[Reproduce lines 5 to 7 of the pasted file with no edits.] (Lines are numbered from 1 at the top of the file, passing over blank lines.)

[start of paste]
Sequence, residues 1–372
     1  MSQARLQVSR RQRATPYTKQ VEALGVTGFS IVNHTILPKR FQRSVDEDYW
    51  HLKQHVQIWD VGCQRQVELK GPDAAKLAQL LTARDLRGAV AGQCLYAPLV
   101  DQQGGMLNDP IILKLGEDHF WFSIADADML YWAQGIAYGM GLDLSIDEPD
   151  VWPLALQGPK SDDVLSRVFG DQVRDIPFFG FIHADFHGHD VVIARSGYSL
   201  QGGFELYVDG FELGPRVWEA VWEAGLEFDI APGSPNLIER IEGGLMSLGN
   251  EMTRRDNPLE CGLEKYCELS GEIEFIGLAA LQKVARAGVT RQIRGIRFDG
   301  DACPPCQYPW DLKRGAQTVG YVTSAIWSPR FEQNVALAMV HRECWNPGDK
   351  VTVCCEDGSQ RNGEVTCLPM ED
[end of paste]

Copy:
   151  VWPLALQGPK SDDVLSRVFG DQVRDIPFFG FIHADFHGHD VVIARSGYSL
   201  QGGFELYVDG FELGPRVWEA VWEAGLEFDI APGSPNLIER IEGGLMSLGN
   251  EMTRRDNPLE CGLEKYCELS GEIEFIGLAA LQKVARAGVT RQIRGIRFDG